I am about to become a grandparent and am naturally delighted but also a little in awe and uncertain of what will be needed and expected. There are few books written on this subject so I have been scouring the Internet for material. Most of what I have found is written from an anecdotal perspective and does not feature references to theory or research. What I did find in the learned literature very largely related to particularly challenged social contexts such as those of extreme socio-economic challenge, for example, refugee situations. There is also a small amount of family law material, which, as would be expected, tends to emphasise family divisions and problems to do with contact between children and their grandparents and reveals the very limited legal rights pertaining to this.
And yet it is fair to say that grand parenting is one of those given social ‘goods’ that most people view in an almost romantic, usually deeply affectionate way. As Margaret Mead, social anthropologist wrote in ‘Blackberry Winter’(1972)
“Every one needs to have access to both grandparents and grandchildren in order to become a full human being.”
These are strong words and are based upon her extensive and respected ethnographic research with many diverse and far-flung cultures and people. I know what she means at a gut level but they make me wonder, again, why relatively little seems to have been written about the characteristics of good grandparents and grand parenting. Perhaps what iconic philosopher and writer, Jean-Paul Satre (1905 – 1980) wrote in his seminal book ‘Words’, clarifies things:
“…my grandfather could enjoy me without owning me: I was his ‘wonder’ because he wanted to end his days as a wonderstruck old man; he decided to regard me as an unusual boon from fate, as a free gift which could always be revoked: what could he have demanded of me? My very presence satisfied him.”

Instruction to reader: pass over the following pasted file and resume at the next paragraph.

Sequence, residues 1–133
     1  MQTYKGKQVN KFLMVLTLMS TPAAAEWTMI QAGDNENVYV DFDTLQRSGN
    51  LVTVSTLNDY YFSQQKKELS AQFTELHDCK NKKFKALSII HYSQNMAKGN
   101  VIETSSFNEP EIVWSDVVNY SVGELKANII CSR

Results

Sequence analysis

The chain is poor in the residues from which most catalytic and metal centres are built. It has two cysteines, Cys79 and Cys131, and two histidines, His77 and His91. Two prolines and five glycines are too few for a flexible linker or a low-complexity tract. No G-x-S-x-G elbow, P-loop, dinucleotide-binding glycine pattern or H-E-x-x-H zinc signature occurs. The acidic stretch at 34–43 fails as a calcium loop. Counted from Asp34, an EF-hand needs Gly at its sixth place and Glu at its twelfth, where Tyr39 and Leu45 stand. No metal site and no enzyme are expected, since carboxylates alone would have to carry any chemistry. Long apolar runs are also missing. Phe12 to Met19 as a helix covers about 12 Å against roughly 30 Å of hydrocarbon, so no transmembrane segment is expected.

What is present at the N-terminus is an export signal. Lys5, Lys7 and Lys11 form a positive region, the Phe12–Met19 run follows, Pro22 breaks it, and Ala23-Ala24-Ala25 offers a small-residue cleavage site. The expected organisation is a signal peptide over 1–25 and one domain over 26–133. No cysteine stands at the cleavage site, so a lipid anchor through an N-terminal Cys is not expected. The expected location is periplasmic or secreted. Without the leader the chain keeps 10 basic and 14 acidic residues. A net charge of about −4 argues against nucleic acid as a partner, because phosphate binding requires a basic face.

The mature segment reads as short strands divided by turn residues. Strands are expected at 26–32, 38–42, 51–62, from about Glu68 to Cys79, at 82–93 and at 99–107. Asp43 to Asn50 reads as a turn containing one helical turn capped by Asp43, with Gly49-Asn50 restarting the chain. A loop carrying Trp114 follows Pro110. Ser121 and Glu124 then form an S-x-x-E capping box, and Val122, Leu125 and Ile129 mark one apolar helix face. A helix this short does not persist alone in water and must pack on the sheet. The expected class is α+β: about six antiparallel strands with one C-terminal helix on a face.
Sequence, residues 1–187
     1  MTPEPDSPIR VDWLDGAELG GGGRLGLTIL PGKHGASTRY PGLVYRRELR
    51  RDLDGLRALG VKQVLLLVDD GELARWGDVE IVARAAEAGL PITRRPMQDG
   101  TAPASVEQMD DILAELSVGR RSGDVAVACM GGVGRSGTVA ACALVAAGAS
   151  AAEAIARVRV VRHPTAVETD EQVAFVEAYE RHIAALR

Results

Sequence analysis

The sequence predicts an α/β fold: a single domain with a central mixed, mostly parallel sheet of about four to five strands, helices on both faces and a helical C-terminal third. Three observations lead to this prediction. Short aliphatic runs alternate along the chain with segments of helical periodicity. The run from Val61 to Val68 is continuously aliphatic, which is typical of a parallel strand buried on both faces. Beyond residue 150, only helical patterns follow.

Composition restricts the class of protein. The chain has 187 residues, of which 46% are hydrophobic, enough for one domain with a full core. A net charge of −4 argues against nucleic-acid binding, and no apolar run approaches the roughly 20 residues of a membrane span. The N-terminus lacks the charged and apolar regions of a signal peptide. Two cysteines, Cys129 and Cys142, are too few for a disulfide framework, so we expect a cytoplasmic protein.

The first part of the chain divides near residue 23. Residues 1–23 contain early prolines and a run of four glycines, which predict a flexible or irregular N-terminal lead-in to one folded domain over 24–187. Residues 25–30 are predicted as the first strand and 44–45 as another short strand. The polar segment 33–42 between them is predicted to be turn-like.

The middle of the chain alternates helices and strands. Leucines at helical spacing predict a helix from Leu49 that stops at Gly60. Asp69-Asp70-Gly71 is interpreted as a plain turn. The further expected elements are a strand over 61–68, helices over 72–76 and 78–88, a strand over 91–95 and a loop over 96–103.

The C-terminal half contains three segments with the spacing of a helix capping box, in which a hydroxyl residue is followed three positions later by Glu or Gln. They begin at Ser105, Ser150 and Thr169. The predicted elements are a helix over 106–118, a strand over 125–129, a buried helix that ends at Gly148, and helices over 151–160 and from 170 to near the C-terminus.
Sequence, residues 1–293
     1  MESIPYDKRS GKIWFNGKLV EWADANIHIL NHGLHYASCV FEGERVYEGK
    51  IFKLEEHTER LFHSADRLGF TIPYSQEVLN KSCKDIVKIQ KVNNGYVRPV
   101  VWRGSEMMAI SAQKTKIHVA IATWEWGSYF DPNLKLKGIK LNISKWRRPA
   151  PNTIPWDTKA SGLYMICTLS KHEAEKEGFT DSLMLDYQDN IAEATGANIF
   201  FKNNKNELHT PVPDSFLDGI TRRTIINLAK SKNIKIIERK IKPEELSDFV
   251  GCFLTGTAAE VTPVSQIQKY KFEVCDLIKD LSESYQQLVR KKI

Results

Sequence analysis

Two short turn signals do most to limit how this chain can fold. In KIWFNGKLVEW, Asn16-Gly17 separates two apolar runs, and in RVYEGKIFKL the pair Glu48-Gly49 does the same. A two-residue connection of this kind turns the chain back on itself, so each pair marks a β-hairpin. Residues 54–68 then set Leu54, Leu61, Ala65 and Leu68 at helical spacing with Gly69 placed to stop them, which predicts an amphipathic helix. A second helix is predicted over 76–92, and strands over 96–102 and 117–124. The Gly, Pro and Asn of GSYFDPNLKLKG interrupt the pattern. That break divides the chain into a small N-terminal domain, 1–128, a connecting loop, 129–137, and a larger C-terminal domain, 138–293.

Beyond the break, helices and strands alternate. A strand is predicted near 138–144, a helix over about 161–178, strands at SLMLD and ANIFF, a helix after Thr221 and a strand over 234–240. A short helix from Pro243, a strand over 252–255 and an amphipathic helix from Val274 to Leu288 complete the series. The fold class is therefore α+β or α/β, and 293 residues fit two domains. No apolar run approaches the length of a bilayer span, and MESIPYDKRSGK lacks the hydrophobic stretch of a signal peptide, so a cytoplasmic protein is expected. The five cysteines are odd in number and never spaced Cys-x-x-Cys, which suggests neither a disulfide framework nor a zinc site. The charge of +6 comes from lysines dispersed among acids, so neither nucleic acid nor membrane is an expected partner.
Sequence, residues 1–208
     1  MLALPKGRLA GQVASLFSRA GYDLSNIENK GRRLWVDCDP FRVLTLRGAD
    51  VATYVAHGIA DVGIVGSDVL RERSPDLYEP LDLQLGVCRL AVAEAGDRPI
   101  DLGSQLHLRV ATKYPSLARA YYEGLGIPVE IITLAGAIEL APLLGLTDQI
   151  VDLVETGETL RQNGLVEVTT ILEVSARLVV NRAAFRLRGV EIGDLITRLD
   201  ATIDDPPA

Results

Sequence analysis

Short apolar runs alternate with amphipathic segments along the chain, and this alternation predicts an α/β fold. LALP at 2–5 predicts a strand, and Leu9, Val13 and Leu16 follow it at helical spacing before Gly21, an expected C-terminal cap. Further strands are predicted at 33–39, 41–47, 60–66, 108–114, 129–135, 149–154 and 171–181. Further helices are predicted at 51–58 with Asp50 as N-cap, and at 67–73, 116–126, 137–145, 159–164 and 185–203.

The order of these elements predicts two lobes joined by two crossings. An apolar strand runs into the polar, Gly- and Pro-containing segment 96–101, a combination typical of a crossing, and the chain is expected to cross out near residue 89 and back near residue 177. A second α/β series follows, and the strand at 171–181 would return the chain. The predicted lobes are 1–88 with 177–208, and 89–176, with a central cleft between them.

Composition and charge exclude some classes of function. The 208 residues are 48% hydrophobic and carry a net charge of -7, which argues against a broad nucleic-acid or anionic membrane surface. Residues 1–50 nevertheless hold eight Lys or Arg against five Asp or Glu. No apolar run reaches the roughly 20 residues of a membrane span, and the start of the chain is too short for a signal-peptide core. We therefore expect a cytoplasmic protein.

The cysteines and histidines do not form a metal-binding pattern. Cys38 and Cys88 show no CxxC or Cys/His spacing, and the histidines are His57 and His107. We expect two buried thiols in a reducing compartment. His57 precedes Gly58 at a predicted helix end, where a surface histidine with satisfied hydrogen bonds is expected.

The idea of relationship for relationship’s sake, free of reciprocal stated benefit, is a wonderful one and so is the idea of being, almost by default, such a special person in a young person’s life. The grand daughter of Charles Darwin writes:
“In fact, he (Charles Darwin) was obviously in the same category as God and Father Christmas. Only, with our grandfather, we also felt, modestly, that we ought to disclaim any virtue of our own in having produced him.”
Gwen Raverat, wood engraver and artist, ‘Period Piece, 1885 – 1957
Maybe such reverence and benevolence is not afforded to every grandparent but most have a special value placed upon them, which may, I think, be to do with the awareness that time with them is finite so every moment, ideally, is to be treasured.
I’ve worked with many young people who struggled, especially as teenagers, in the relationship with their parents and often the grandparent, if available, could do a great deal to mend the rifts. However, this all depends upon whether they themselves had managed to deal with the guilt and blame they often felt to their own children and had come to terms with the fact that no parent does a completely perfect job. This ‘natural’ sympathy or affinity between young and old seems to be universal:
“Every generation revolts against its fathers and makes friends with its grandfathers.”
Lewis Mumford, an American historian, sociologist, philosopher of technology, and literary critic and writer.
‘The Brown Decades’ 1931
The fact is that the bond between children and their grandparents is a regarded as a special one and the expectations in relation to this, though rarely articulated in a specific way, are enormous. I hope to write again on this subject with the benefit of experience and in the meantime am scouring sites like ‘Gransnet’ and talking to as many grandparents of today as possible.